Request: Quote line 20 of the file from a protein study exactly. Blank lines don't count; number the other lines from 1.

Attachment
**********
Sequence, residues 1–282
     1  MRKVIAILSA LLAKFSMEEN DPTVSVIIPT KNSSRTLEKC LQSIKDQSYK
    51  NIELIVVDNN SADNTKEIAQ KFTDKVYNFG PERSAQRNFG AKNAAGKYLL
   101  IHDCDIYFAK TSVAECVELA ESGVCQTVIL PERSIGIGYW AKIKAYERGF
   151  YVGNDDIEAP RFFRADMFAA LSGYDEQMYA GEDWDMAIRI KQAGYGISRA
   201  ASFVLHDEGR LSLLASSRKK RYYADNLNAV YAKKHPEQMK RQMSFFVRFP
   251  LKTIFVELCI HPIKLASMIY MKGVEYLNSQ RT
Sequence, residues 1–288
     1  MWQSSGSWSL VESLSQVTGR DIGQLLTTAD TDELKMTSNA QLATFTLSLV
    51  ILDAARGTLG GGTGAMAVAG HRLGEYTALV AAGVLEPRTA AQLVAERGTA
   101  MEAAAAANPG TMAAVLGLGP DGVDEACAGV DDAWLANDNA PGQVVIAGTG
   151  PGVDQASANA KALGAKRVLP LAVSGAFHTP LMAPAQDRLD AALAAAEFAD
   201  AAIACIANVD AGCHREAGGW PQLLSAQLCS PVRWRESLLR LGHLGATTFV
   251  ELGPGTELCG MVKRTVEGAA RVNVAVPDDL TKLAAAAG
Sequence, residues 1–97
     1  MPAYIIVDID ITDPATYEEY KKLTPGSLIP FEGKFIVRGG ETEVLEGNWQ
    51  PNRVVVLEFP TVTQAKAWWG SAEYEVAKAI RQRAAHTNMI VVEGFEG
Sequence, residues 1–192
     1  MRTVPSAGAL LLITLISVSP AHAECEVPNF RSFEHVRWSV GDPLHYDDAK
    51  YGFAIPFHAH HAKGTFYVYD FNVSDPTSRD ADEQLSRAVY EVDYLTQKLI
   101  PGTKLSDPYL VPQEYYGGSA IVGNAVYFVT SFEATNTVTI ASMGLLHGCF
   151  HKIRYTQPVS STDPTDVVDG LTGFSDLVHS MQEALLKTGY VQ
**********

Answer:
    51  YGFAIPFHAH HAKGTFYVYD FNVSDPTSRD ADEQLSRAVY EVDYLTQKLI